Law guide: Workplace

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Minimum wage

Minimum wage

The rights set out in this section apply to workers (individuals contracted to provide work or services on a full-time, part-time or fixed-term basis). This includes employees, but not self-employed staff. For more information, see Employees, workers and the self-employed.

Almost all UK workers have a legal right to a minimum level of pay, called either the National Living Wage (for those aged 21 and over) or the National Minimum Wage. The level is set by the government each year based on the recommendations of the independent Low Pay Commission (LPC).

What is the minimum wage?

With a few exceptions, all workers in the UK aged 16 or over are legally entitled to be paid a minimum amount per hour. This is regardless of the kind of work they do or the size and type of company.

How much is the minimum wage?

There are different rates for different age groups. There is also a different rate for apprentices who are either under 19 or in the first year of their apprenticeship.

The rates change every year in April. See GOV.UK for the current rates.

Your average hourly pay must be at least the minimum wage. To work this out you first add up everything you've earned over a period (called the 'reference period' - normally a week), including any bonuses and commission. You then deduct any payments that do not count towards the minimum wage and divide the balance by the number of hours you worked in that period to get your average pay. Find out more about calculating your pay on GOV.UK.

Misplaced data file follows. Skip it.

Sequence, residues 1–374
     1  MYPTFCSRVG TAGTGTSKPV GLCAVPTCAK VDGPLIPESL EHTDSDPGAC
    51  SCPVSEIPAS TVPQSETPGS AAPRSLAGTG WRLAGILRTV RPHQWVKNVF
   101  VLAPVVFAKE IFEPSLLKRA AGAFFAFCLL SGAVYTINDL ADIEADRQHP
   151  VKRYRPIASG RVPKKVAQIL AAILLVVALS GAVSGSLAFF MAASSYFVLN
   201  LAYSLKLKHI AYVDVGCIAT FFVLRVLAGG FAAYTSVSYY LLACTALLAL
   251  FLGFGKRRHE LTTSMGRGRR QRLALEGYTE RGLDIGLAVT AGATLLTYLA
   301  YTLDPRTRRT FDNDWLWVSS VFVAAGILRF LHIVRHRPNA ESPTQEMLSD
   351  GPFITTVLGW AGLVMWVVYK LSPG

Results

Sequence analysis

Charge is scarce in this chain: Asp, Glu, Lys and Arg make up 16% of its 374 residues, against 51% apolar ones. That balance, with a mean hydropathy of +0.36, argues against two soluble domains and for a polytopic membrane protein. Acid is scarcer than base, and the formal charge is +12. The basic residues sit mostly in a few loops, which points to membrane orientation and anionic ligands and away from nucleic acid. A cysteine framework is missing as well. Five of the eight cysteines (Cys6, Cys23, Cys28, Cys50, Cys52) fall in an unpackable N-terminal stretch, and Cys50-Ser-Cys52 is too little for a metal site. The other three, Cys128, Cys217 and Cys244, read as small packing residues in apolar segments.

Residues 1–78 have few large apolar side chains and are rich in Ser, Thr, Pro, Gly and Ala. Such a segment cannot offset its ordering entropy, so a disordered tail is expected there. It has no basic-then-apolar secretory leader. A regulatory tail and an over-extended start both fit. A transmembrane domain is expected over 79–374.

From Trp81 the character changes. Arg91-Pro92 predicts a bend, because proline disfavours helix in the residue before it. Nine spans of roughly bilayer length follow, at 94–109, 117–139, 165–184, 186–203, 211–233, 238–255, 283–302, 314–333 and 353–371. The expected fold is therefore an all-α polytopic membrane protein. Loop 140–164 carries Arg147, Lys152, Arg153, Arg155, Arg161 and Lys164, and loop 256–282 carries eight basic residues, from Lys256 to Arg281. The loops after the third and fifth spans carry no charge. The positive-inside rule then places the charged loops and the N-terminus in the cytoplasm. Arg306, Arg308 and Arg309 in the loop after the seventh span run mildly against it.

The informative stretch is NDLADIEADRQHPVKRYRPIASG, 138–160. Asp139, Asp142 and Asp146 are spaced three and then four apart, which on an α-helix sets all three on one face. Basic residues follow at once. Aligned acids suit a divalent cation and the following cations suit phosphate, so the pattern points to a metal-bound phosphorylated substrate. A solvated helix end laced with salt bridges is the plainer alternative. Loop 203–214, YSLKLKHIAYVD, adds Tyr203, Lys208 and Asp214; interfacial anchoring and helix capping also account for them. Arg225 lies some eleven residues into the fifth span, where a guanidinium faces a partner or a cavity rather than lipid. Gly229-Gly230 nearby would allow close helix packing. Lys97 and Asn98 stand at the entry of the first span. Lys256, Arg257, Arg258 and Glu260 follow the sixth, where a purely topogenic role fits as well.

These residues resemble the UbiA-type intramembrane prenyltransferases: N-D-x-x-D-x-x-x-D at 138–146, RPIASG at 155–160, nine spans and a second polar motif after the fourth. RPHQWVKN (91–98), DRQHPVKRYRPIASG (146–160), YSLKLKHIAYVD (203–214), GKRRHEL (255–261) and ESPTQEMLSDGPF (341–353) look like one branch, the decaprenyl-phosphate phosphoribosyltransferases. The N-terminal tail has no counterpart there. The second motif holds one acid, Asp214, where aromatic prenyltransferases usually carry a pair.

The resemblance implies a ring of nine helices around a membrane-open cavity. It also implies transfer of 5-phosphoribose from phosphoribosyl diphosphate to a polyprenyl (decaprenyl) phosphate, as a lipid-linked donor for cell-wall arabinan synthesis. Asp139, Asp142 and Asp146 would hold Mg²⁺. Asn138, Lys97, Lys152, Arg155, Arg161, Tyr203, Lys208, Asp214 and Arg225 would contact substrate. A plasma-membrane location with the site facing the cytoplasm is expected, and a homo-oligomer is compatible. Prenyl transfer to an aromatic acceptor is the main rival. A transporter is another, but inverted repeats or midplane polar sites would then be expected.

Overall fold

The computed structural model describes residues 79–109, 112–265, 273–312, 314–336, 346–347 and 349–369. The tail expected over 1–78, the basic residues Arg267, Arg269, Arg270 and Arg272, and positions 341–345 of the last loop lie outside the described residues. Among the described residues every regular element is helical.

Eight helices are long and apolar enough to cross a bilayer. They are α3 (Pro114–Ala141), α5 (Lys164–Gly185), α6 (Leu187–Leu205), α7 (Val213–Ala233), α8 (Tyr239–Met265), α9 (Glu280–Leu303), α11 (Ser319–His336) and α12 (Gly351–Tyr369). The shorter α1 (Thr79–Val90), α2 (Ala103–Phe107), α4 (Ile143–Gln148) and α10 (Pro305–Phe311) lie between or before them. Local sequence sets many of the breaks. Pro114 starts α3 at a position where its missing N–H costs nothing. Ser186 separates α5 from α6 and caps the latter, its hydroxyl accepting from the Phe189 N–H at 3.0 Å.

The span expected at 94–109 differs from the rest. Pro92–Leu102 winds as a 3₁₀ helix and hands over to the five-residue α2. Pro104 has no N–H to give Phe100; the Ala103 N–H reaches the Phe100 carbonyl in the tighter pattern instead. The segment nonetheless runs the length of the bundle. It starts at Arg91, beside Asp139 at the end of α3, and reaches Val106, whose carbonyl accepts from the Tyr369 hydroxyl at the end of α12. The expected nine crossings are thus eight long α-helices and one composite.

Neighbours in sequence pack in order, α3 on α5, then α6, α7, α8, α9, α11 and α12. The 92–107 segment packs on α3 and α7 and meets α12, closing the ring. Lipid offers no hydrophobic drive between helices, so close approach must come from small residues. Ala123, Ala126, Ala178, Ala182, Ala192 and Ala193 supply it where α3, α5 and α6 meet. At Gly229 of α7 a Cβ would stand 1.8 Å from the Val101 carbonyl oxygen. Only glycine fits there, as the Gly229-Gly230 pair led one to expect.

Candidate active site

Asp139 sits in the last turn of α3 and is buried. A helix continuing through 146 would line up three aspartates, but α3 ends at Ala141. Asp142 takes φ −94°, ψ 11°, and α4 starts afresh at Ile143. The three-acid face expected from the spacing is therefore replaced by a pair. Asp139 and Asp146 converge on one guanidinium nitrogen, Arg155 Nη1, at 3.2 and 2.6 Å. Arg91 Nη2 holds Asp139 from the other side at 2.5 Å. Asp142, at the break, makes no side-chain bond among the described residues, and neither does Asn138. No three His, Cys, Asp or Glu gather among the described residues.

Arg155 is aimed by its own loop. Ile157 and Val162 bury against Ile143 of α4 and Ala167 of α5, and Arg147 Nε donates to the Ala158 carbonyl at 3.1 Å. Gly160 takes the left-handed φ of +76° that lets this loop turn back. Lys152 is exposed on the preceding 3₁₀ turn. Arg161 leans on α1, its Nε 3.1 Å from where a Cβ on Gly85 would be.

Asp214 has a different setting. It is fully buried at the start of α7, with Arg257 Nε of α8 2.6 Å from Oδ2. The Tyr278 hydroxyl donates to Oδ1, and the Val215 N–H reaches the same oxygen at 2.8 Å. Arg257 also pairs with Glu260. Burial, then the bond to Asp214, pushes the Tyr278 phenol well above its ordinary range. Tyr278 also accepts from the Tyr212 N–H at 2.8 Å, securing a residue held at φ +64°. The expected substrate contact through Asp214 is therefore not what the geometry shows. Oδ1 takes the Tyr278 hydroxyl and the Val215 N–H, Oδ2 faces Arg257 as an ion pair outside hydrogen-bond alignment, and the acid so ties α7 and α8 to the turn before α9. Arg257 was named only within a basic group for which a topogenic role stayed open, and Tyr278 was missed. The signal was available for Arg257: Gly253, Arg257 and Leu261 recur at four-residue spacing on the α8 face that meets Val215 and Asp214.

Employers who pay workers on a piece-rate basis either have to pay their workers the minimum wage for each hour worked or have to set a fair rate which allows their workers to earn the minimum wage. (Piecework – sometimes called 'output work' – is work where you're paid for making or processing a number of items, or for completing a number of tasks. It is often done from home.) See GOV.UK for more details.

Who can get the minimum wage?

Almost everyone who works in the UK is legally entitled to be paid the minimum wage. This is the case even if an employer asks a worker to sign an employment contract at a lower rate of pay. It isn't necessary to be in full-time employment, or to work at an employer's premises. For example, you're entitled to receive the minimum wage if you're:

  • Employed by an agency
  • A home worker
  • A part-time worker
  • A casual worker
  • A pieceworker
  • A worker on a short-term contract

Your right to the minimum wage depends on your employment status. In order to qualify, you need to be a 'worker'.

For more information, see our 'Employees, workers and the self-employed' section.

You are not entitled to receive the minimum wage if you're:

  • A worker under school leaving age (you're under school leaving age in England until the end of the summer term of the school year in which you turn 16; in Scotland it's the last date in May or the first day of the Christmas holidays / 21 December depending on when your 16th birthday is and in Northern Ireland it is 30 June, if you turn 16 on or before 1 July in that year)